International Journal of Primatology

, Volume 33, Issue 3, pp 673–701 | Cite as

Stable Isotope Techniques and Applications for Primatologists

  • Brooke E. Crowley


Stable isotope biogeochemistry is useful for quantifying the feeding ecology of modern and extinct primates. Over the past three decades, substantial advances have been made in our knowledge of the physiological causes of isotopic patterns as well as effective methodology to prepare samples for isotopic analysis. Despite these advances, the potential of stable isotope biogeochemistry has yet to be fully exploited by primate researchers, perhaps due to the prolific and somewhat daunting nature of the isotopic literature. I here aim to present a cogent overview of stable isotope applications to nonhuman primate feeding ecology. I review the factors that influence ecological patterns in carbon, nitrogen, and oxygen stable isotopes. I present methods for collecting and preparing samples of tooth enamel and bone mineral hydroxyapatite, bone collagen, fur and hair keratin, blood, feces, and urine for isotope analysis. I discuss both the existing and potential applications of these isotopic patterns to primate feeding ecology. Lastly, I point out some of the pitfalls to avoid when interpreting and comparing isotopic results.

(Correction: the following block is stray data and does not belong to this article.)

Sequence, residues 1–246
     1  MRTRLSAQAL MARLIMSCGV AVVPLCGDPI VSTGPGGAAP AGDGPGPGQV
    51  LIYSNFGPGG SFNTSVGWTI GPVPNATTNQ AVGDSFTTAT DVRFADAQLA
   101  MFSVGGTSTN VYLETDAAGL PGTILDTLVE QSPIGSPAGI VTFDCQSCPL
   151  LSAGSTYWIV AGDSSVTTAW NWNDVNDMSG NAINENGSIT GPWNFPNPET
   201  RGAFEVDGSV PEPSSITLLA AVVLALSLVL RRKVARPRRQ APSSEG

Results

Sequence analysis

δ13δ15δ18Hydroxyapatite Proteinaceous tissues Stable isotope Trophic discrimination 



I thank Gabe Bowen, Kena Fox-Dobbs, Sora Lee Kim, Carolyn Kurle, and Patrick Wheatley, for consultation on sample preparation techniques, and Lawrence Crowley, Sally Goddard, Matthew Weirauch and three anonymous reviewers for critical review of the manuscript. I also thank Erin Vogel and Janine Chalk for inviting me to contribute to this special issue.

Supplementary material

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Table S4 (DOCX 14.8 kb)


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© Springer Science+Business Media, LLC 2012

Authors and Affiliations

  1. 1.Departments of Geology and AnthropologyUniversity of CincinnatiCincinnatiUSA

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